Aimee Mann

Reading time: 2 mins

It was my first visit to the Old Fruitmarket venue in Glasgow last night, to listen to ‘that woman who had several songs on the soundtrack of Magnolia’, Aimee Mann.

I can’t quite remember how I discovered her, but it was only recently that I purchased her previous album Bachelor No.2 and, quite liking it, I soon found I was a bit late to this party. She won’t tick the boxes for everyone and if I’m honest I’m surprised I like her enough to go and see her live.

Still, she has a way with lyrics that I like and a knack similar to Guy Garvey for capturing gorgeous imagery even if she is overly preoccupied with the freaks and failures of life. She does have a great ear for a tune and last night she picked several songs from her new album which does feel a little more upbeat than previous offerings.

The Old Fruitmarket is a small venue so the night had a nicely intimate feel to it, although it probably helped that I was four rows from the front. Aimee has a nice laidback on-stage persona which lends itself to a low key gig that felt well paced and never rushed. I admit I was expecting things to be a little ‘rockier’ than they were but it was far from a disappointment.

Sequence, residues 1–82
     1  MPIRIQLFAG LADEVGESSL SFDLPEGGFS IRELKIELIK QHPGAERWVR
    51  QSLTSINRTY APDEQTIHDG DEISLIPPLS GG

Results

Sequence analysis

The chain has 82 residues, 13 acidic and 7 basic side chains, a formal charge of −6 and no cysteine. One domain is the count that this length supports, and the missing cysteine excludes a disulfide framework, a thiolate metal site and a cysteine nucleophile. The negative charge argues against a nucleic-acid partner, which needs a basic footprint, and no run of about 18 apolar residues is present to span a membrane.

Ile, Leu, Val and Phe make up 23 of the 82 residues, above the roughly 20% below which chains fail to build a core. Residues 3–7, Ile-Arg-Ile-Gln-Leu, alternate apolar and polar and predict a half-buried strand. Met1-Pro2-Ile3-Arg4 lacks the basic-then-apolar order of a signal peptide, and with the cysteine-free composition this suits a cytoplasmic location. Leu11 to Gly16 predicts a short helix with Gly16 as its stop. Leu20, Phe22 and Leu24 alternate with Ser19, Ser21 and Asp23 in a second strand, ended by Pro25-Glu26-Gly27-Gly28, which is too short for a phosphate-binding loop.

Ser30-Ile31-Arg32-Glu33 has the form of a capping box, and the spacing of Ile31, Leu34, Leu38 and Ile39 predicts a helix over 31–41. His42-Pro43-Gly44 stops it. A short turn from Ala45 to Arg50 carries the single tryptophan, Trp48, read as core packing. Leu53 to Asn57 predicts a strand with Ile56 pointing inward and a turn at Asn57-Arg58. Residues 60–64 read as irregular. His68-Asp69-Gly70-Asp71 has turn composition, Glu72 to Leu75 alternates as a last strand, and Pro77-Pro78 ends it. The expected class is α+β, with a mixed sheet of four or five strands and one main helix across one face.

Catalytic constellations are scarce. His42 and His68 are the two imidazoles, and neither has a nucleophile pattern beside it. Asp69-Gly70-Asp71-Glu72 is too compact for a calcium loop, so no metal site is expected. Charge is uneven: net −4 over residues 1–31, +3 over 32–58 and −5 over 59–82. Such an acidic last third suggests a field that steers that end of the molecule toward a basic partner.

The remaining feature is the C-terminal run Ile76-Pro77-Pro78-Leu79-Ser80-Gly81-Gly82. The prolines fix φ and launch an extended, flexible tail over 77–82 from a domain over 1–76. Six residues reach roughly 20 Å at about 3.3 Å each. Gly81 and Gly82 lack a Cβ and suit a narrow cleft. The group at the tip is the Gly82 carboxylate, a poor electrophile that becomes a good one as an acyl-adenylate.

Halfway through the main set, she asked for requests and considering how they stumbled through “Dear John” (it took a member of the audience to remind her of the opening line) it was certainly a genuine performance. Supported by a very slick band it was a surprise when they reached the end of their main set, time flies and all that.

Back out for four songs, all requests and then off to politely raucous applause (everyone stayed seated), it was an intimate if somewhat removed show. Highlights included the requested singing of one of my favourite songs, 4th of July, and a solo acoustic version Red Vines which was mesmerising and hauntingly gorgeous.